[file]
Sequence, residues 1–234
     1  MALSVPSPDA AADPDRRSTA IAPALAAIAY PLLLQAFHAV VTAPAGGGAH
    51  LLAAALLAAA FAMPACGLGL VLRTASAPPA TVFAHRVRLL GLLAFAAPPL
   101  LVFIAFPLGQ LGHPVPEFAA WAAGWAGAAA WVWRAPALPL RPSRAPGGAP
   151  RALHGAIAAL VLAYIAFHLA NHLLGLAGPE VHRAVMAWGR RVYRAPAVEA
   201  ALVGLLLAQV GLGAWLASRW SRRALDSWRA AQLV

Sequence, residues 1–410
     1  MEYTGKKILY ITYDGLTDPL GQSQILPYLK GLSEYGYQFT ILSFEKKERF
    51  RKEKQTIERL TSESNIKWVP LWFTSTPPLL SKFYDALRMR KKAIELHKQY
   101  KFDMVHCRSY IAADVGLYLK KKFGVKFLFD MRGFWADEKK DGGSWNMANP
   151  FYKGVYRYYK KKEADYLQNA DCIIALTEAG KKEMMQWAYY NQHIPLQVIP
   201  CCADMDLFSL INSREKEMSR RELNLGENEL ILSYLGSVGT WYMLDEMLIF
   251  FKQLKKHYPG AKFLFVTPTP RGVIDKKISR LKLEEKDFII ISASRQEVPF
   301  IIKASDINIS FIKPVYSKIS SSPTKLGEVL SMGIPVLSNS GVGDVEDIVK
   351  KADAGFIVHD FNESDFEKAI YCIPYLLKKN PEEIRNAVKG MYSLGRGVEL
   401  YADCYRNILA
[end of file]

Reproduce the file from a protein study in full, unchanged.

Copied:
Sequence, residues 1–234
     1  MALSVPSPDA AADPDRRSTA IAPALAAIAY PLLLQAFHAV VTAPAGGGAH
    51  LLAAALLAAA FAMPACGLGL VLRTASAPPA TVFAHRVRLL GLLAFAAPPL
   101  LVFIAFPLGQ LGHPVPEFAA WAAGWAGAAA WVWRAPALPL RPSRAPGGAP
   151  RALHGAIAAL VLAYIAFHLA NHLLGLAGPE VHRAVMAWGR RVYRAPAVEA
   201  ALVGLLLAQV GLGAWLASRW SRRALDSWRA AQLV

Sequence, residues 1–410
     1  MEYTGKKILY ITYDGLTDPL GQSQILPYLK GLSEYGYQFT ILSFEKKERF
    51  RKEKQTIERL TSESNIKWVP LWFTSTPPLL SKFYDALRMR KKAIELHKQY
   101  KFDMVHCRSY IAADVGLYLK KKFGVKFLFD MRGFWADEKK DGGSWNMANP
   151  FYKGVYRYYK KKEADYLQNA DCIIALTEAG KKEMMQWAYY NQHIPLQVIP
   201  CCADMDLFSL INSREKEMSR RELNLGENEL ILSYLGSVGT WYMLDEMLIF
   251  FKQLKKHYPG AKFLFVTPTP RGVIDKKISR LKLEEKDFII ISASRQEVPF
   301  IIKASDINIS FIKPVYSKIS SSPTKLGEVL SMGIPVLSNS GVGDVEDIVK
   351  KADAGFIVHD FNESDFEKAI YCIPYLLKKN PEEIRNAVKG MYSLGRGVEL
   401  YADCYRNILA